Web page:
Michael Barkway from TTP looks at the current state of play for the IoT without the hype and takes a look into the future.
The term Internet of Things, or IoT, encompasses everything from existing developments in machine-to-machine communications to the newest wearable devices. The vision of the IoT world is that every Thing is connected and discoverable from its own IP address, sharing information freely.
But will the future really be like this? There are good reasons to think that it won’t. This article analyses the nature of the IoT and sets out some of the challenges and opportunities for the next phase of its deployment.
The web today is mostly horizontal – pages of open information, with revenues derived directly through purchasing or indirectly via advertising. The cost model in the Internet today is many-to-one – many consumers to one web server. This has driven revolutionary change in social media, search, file sharing, media distribution and more, enabled by the low co...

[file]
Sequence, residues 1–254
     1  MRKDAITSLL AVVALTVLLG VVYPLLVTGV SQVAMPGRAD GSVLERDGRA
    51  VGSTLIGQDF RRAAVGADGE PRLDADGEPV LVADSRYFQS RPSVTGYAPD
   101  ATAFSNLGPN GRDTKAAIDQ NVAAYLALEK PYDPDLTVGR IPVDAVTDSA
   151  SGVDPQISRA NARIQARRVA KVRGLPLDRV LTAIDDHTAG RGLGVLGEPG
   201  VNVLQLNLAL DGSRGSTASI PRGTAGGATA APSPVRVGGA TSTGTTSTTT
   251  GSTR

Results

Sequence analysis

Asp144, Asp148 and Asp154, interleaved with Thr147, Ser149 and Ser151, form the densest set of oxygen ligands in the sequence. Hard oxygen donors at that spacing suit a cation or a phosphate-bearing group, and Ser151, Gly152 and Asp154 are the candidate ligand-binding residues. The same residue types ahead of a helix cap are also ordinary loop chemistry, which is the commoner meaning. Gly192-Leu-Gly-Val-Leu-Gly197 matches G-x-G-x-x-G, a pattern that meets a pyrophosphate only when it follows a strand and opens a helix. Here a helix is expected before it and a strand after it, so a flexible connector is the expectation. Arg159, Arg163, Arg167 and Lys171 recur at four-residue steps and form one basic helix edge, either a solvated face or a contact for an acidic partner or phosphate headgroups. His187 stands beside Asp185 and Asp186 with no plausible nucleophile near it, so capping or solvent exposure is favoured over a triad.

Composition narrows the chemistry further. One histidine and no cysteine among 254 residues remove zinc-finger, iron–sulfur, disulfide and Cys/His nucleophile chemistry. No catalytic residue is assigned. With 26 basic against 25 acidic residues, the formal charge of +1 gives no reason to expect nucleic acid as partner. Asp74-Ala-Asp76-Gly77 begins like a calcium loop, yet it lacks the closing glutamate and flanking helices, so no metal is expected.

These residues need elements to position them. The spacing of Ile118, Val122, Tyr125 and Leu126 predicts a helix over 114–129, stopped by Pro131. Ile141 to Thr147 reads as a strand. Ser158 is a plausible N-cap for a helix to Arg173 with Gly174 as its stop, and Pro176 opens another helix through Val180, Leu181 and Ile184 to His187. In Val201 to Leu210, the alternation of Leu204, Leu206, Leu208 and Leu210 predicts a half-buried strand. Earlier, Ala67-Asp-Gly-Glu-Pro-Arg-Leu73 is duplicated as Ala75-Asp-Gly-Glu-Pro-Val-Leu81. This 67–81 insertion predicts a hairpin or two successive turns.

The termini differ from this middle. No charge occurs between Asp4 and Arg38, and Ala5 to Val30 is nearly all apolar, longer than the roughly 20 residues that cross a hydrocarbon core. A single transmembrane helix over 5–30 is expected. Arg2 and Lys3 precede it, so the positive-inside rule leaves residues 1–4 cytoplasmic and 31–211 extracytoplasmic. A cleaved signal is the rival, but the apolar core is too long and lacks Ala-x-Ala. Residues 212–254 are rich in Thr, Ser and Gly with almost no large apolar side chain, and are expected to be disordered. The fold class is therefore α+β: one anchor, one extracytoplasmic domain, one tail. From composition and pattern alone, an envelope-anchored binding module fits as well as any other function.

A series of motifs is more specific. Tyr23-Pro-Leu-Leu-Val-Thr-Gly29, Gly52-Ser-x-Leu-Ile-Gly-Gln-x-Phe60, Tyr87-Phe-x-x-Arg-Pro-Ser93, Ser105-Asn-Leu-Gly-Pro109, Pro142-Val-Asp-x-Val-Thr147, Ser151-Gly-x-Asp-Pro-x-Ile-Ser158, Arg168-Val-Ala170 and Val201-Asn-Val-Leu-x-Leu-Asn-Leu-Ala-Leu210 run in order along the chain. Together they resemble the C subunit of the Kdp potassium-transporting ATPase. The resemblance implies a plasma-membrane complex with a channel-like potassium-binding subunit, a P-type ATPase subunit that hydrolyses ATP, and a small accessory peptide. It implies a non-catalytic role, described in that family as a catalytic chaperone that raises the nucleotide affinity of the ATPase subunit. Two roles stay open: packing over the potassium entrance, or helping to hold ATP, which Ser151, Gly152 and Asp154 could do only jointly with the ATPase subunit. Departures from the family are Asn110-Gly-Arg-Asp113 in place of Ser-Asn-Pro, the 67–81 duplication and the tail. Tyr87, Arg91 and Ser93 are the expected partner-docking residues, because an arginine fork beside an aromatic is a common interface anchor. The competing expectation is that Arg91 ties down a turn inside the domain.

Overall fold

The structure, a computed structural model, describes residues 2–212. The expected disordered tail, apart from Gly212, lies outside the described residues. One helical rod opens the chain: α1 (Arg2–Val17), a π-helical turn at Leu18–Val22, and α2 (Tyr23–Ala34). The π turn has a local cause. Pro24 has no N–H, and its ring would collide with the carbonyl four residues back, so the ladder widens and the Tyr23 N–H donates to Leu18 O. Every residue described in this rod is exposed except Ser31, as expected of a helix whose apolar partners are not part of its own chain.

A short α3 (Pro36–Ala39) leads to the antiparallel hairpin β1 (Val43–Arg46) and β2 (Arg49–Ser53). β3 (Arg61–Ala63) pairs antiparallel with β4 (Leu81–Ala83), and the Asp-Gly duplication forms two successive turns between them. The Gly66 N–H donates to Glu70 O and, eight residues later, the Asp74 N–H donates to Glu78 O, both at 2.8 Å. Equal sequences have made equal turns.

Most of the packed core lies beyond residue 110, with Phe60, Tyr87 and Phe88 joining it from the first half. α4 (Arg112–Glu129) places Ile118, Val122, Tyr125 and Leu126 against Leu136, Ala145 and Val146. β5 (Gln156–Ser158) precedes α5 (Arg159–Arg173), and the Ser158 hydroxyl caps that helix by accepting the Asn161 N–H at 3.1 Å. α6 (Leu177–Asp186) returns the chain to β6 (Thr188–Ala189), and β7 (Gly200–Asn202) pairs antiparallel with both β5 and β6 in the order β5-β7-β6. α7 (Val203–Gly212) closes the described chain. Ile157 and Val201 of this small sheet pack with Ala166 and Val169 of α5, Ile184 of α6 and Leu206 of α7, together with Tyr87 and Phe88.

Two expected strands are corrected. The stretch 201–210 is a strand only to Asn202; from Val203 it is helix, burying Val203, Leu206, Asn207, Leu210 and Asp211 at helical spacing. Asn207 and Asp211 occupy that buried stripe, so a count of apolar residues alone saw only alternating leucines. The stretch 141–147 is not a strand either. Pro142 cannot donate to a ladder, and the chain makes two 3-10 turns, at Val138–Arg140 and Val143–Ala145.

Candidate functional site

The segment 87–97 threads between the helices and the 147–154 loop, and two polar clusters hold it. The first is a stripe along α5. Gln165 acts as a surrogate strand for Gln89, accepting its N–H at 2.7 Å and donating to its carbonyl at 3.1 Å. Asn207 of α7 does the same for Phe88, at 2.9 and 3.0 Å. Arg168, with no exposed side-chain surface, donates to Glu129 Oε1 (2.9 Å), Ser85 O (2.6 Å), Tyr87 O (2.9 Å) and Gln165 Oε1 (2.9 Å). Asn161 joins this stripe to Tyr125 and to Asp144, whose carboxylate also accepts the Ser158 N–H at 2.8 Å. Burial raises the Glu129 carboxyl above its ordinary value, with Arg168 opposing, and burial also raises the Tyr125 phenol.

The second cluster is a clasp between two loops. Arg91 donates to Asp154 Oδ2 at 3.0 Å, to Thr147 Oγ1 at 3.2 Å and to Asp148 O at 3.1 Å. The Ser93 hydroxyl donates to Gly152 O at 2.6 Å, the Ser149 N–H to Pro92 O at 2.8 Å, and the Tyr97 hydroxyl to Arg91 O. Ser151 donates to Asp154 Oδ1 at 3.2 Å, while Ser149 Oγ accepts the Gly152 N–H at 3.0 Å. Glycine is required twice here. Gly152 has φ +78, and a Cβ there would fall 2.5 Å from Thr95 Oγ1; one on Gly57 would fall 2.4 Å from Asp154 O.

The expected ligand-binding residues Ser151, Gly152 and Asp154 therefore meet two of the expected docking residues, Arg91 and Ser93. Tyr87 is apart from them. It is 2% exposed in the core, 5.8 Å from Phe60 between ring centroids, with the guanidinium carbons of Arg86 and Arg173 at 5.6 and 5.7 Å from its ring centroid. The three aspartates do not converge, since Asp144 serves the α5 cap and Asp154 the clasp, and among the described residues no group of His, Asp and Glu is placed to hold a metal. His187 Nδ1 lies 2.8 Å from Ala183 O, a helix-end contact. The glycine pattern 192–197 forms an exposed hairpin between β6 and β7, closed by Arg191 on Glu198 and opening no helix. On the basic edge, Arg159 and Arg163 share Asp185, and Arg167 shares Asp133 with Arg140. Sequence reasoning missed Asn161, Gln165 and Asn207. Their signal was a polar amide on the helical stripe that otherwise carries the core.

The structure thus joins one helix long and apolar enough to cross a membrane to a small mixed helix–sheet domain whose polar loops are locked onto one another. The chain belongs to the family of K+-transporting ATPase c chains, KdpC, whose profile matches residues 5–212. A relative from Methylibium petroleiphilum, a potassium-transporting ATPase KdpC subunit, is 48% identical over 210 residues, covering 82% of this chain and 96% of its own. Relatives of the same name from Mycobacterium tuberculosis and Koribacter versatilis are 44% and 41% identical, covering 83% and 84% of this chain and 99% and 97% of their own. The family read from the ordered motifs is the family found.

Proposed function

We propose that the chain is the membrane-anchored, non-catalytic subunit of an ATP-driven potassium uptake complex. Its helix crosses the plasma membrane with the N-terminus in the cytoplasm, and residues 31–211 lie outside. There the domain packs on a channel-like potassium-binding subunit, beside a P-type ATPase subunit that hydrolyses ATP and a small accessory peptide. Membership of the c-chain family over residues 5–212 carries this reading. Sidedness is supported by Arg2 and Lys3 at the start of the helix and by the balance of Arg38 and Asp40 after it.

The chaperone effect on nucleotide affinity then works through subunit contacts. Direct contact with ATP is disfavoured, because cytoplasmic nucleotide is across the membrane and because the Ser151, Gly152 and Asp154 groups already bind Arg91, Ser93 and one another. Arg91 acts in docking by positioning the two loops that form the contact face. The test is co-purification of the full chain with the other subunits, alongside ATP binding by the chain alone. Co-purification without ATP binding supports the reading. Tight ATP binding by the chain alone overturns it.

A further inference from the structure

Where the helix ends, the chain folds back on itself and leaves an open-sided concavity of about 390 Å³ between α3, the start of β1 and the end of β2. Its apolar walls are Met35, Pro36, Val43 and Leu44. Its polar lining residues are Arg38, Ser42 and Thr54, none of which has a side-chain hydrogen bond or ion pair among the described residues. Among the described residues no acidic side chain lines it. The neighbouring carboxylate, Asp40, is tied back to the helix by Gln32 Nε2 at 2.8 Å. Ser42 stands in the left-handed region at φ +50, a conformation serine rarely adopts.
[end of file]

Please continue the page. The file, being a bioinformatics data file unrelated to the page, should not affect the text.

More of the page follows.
New battery-free, ultra-low power wireless sensor technology is being developed by UK-based TTP that will add connectivity and intelligence to everyday dumb objects such as medical implants, supermarket labels and engineering components. TTP believes it is through innovative energy harvesting techniques and low energy sensors that the Internet of Things will become a reality and billions of devices will communicate and interact with each other.
TTP is working on applications that range from sensors embedded in smart orthopaedic implants for remote monitoring, to battery-free sensors for measuring highly-stressed components in F1 engines and active supermarket labels that are always up to date with realtime data. And the same technology is being used for displaying the balance on Oyster-type pre-pay cards, controlling home energy systems or street lights and intelligent security or postal tags. TTP expects many of these new sensors will connect to smartphones and tablets using ultra...
TTP’s ultra-low power wireless technology connects dumb objects to the Internet of Things
Battery-free sensors will revolutionise applications from orthopaedic implants and F1 ...
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